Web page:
Former Peruvian President Alberto Fujimori, who was pardoned last year for human rights abuses, may soon face another trial.
A Peruvian court ruled Monday that Fujimori could be tried over killings from the early ’90s despite a pardon by Peruvian President Pedro Pablo Kuczynski.
The issue at stake is the January 29, 1992, kidnappings, torture and killings of six people in the central Peruvian town of Pativilca, according to state-run news agency Andina.
At least 22 others, including Fujimori, are due to stand trial over the deaths. The court called the massacre a “human rights” crime.
Fujimori is accused having a role in the authorizing the killings. Prosecutors are seeking a sentence of 25 years in jail for Fujimori. along with reparations to the victims’ families.
His attorney, Miguel Pérez Arroyo, said Fujimori might appeal the court’s decision, according to Andina.
Protests over pardon
In December, Kuczynski pardoned Fujimori, 79, who was serving a 25-year prison sentence for human rights abuses, as a humanitarian gesture.
At the time, Kuczynski’s office issued a statement, saying the former Peruvian strongman “suffers from a progressive, degenerative and incurable disease,” adding “prison conditions mean a serious risk to his life, health and integrity.”
Outrage over Fujimori’s pardon led to two nights of heated protests in the capital, Lima. Protesters and police clashed, and authorities threw tear gas canisters at the crowd.
After Monday’s ruling, Keiko Fujimori, daughter of the ex-ruler, called the decision regrettable via Twitter.
“I trust that my father will be acquitted in a trial without political pressure.” she said, adding that the court’s move “should not be an excuse to re-imprison a man of advanced age and delicate health. Alberto Fujimori deserves to face this trial in freedom.”
But Erika Guevara Rosas, director of the Americas at Amnesty International, praised the ruling.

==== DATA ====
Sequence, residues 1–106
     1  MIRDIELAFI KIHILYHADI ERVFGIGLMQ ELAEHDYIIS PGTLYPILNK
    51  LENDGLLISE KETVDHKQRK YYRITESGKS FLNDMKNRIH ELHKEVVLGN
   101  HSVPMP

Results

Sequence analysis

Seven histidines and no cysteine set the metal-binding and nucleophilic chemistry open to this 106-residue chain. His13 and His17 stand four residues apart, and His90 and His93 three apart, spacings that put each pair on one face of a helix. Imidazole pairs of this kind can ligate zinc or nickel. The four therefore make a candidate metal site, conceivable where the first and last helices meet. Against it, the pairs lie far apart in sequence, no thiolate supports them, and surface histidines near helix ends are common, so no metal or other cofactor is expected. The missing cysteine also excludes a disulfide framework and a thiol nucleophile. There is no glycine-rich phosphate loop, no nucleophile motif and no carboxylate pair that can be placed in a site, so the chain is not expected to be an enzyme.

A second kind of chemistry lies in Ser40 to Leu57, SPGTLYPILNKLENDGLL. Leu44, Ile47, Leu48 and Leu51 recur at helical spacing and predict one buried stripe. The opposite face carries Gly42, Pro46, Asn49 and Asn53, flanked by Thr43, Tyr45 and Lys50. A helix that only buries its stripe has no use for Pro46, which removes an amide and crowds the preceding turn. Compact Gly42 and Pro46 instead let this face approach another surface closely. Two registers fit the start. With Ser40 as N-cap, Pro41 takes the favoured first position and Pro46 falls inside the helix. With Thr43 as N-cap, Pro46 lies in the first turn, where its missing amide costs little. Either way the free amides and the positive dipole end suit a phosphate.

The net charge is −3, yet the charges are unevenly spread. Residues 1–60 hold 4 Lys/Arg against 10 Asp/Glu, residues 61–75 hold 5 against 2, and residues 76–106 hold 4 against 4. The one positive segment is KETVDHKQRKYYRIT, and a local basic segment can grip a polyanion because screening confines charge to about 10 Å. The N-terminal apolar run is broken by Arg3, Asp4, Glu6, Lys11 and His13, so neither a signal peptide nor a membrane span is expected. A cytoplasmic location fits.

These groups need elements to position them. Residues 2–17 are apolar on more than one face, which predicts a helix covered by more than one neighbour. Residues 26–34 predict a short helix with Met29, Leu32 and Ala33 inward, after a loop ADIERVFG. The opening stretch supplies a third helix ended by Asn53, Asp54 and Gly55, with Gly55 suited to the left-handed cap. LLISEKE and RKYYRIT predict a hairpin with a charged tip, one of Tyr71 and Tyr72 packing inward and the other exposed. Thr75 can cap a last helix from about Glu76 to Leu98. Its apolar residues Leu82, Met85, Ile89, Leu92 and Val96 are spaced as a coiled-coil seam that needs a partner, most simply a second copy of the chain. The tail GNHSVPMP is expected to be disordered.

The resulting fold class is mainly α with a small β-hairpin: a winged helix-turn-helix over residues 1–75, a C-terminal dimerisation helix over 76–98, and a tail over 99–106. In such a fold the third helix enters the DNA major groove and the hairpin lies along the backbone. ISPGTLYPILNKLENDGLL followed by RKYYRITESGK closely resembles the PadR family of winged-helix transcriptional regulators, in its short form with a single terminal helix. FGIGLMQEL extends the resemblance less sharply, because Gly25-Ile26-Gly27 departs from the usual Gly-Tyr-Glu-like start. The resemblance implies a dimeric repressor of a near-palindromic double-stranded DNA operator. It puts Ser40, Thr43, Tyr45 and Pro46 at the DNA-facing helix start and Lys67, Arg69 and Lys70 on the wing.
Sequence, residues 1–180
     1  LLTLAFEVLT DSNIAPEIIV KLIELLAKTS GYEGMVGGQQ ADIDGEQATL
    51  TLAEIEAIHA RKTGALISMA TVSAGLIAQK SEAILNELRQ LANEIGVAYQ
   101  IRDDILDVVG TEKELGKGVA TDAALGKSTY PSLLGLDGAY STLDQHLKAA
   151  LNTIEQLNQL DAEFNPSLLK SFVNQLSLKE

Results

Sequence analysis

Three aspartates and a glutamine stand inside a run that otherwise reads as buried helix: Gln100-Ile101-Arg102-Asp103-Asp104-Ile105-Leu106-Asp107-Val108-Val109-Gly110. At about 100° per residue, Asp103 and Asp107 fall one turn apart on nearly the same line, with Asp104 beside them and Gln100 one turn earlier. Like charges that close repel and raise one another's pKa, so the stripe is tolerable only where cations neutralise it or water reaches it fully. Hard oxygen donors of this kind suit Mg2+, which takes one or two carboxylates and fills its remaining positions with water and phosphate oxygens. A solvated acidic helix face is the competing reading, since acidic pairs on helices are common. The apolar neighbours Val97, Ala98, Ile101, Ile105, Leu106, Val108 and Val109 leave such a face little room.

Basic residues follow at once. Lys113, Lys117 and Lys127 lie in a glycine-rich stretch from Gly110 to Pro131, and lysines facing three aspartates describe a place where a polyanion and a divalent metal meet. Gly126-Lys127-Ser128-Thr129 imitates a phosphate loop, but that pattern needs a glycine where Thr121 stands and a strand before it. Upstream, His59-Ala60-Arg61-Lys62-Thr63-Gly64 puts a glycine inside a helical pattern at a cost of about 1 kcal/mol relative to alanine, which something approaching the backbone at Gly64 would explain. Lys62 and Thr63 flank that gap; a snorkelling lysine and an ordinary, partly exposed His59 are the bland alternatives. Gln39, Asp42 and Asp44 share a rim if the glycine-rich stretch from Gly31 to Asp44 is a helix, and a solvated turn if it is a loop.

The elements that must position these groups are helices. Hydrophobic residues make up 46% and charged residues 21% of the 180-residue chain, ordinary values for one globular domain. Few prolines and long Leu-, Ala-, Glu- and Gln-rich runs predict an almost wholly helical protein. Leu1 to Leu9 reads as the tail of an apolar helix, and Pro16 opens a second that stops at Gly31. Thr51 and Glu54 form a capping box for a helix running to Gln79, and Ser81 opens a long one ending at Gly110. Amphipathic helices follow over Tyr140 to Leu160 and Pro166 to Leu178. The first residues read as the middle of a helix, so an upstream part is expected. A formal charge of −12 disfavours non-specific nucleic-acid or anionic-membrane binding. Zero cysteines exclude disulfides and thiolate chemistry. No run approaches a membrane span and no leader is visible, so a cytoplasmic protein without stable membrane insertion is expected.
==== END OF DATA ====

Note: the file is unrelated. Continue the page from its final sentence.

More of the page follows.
“Today the victims, families and Peruvian society have achieved an important step towards justice and preserving the memory of the victims of these crimes,” the human rights official said.
“We will continue to support the demands for justice until the truth about the crimes that occurred in Pativilca is established and the rights of the victims and their families are guaranteed.”
An authoritarian figure
Fujimori is a polarizing figure in Peru, which he led from 1990 to 2000. His strong hand is credited with defeating the Shining Path terrorists who destabilized the country, and his austere economic policies reined in hyperinflation.
But the former President had an authoritarian streak and used security forces to repress opponents.
In 2009, a special supreme court tribunal sentenced him to 25 years in prison for authorizing the operation of a death squad responsible for killing civilians.
In all, Fujimori has been convicted in four different criminal trials.
In addition to the human rights conviction that saw him sentenced to 25 years, in separate trials Fujimori was found guilty of breaking into the home of a former spy chief to steal incriminating videos, taking money from the government treasury to pay the spy chief and authorizing illegal wiretaps and bribing lawmakers and journalists.